At each health supervision visits assessment of developmental progression through standard developmental evaluation is mandatory, and early referral to intervention programs and physical therapy is recommended.
Overall care and ongoing support
The key ingredient in carrying out effective health supervision in the care of infants and children with trisomy 18 is a committed primary care practitioner. As pointed out by Carey a clinician who is willing to oversee the care and provide ongoing support to the family should not be hesitant to take on the challenge of shepherding the management of a child with this disorder (despite its relative rareness) and providing the Medical Home for the children. Additionally referral to a palliative care team can aid in the needed ongoing support and be a good resource for the family and clinician.
As mentioned above the most clearly unresolved issue is the controversy surrounding the option of aggressive respiratory or surgical treatment of infants with trisomy 18. In this concluding section we will try to provide some perspective on this highly complex topic.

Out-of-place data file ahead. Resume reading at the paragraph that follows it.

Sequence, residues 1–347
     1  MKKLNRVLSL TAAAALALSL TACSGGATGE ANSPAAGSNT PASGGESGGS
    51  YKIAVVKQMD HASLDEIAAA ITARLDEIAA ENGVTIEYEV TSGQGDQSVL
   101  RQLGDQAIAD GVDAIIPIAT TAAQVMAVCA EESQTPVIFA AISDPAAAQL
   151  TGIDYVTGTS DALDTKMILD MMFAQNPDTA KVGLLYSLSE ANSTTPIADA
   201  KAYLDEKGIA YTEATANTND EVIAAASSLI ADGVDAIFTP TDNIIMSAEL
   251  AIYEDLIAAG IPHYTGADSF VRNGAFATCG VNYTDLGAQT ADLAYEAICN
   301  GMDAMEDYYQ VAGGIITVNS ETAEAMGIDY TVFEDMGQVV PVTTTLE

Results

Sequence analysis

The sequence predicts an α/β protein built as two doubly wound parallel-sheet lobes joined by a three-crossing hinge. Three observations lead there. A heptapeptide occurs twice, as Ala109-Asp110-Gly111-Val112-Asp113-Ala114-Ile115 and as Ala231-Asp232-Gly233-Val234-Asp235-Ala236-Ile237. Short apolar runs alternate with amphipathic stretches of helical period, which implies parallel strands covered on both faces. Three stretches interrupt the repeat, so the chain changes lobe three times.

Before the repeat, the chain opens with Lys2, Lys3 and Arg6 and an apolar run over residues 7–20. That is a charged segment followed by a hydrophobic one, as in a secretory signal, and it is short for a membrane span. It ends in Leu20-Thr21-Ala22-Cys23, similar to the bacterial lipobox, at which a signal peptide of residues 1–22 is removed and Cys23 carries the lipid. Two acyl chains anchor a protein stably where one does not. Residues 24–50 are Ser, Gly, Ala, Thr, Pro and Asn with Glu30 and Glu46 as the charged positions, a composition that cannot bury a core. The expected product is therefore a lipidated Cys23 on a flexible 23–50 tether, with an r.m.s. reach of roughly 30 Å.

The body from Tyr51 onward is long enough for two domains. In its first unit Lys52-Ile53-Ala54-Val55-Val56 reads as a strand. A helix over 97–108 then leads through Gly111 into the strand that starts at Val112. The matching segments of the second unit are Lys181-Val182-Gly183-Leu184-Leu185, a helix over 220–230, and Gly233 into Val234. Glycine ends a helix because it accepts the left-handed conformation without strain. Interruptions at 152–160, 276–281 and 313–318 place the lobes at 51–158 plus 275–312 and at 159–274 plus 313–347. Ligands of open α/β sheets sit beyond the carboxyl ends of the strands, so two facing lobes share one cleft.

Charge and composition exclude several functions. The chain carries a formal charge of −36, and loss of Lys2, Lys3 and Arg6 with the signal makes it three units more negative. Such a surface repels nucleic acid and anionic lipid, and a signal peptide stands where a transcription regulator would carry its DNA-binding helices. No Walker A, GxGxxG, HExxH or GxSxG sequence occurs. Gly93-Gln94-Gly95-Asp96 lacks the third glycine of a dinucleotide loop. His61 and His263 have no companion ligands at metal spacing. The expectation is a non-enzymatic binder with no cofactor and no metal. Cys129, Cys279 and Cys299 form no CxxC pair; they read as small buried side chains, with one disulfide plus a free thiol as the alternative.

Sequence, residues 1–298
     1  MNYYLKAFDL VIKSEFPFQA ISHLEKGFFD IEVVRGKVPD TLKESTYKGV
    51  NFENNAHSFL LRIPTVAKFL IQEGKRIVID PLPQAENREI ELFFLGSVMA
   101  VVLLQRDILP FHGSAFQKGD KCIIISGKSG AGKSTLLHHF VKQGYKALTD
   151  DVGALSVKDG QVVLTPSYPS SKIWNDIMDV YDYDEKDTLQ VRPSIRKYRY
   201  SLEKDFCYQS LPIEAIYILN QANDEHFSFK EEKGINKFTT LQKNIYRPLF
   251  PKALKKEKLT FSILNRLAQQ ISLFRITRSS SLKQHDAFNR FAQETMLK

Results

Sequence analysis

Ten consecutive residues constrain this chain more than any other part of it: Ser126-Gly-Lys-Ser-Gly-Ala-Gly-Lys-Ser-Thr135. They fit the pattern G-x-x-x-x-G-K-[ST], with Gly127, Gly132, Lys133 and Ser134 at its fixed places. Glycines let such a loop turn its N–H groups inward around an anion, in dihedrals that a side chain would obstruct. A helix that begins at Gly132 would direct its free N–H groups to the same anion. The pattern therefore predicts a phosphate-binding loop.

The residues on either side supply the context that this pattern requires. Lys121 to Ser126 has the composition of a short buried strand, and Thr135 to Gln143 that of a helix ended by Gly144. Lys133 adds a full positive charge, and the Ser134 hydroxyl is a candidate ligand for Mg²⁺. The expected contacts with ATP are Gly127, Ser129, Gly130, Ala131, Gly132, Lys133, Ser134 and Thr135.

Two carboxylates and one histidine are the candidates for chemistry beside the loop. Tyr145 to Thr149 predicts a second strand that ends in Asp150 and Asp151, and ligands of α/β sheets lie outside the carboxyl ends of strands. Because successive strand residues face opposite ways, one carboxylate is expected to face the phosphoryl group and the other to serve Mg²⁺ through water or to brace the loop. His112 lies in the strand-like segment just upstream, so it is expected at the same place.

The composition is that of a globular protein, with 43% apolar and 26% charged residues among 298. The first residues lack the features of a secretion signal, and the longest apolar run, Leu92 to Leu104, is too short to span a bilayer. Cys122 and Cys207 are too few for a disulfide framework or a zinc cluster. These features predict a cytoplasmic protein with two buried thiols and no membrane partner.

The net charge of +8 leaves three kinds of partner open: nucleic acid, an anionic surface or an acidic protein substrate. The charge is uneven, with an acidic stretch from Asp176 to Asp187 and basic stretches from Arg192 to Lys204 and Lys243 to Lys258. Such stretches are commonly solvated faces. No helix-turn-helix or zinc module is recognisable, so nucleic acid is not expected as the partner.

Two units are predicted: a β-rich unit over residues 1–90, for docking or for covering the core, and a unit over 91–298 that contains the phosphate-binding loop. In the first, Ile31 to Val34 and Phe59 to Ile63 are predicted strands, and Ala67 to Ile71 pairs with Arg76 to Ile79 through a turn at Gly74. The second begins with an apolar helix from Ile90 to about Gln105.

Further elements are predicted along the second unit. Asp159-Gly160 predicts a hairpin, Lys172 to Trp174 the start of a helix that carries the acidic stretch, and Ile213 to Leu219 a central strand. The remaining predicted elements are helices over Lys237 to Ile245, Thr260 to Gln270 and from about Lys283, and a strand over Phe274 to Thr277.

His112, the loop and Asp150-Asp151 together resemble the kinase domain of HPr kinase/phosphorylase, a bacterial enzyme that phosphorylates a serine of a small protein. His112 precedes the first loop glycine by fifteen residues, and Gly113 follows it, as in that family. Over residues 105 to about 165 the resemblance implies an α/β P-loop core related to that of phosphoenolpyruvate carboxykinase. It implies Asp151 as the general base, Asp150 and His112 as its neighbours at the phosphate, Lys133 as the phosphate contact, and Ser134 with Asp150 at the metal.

Because of the high neonatal and infant mortality and because of the issue usually described as the quality of life in children with the syndrome, many practitioners in the US and Europe have argued for a noninterventionist approach with accompanying comfort care (sometimes called custodial) and currently with the guidance of a palliative care team. This view was articulated by Bos et al and Paris et al.[65, 66] and discussed in detail most recently by Janvier et al. and Merritt et al. as mentioned above. The conventional view at least among US neonatologists is reflected in the survey study by McGraw and and Perlman where 55% of the physicians polled stated that they would not resuscitate a newborn in the delivery room known to have trisomy 18 and a ventricular septal defect. The Ethics Rounds paper by Janvier et al. comprehensively summarizes all of the themes that emerge in any discussion of care in a baby with trisomy 18. These themes include the following: the best interest of the child standard, parent autonomy, allocation of resources, quality of life of children with trisomy 18, and the potential pain and suffering experienced if treatment occurs for the child. In the recent paper by Merritt et al., the authors provide an even more referenced review of the important themes of the topic. These authors present a list of questions to consider in the setting of a prenatal and postnatal diagnosis of trisomy 18 (and 13). They close their paper with a poignant assertion, “We assert that transforming hope for cure to hope for the child and the family to be relieved from suffering, and to experience love and care in their infant’s lifetime, should be the primary goal.” The authors could not agree more. However, Merritt et al. consistently use the descriptor “lethal” throughout the paper. They, like the authors of many of their cited papers, perceive trisomy 18 as “lethal” when in fact at least 1 in 20 infants survive the first year of life even with modern day approaches, which tend to be comfort care and non-intervention.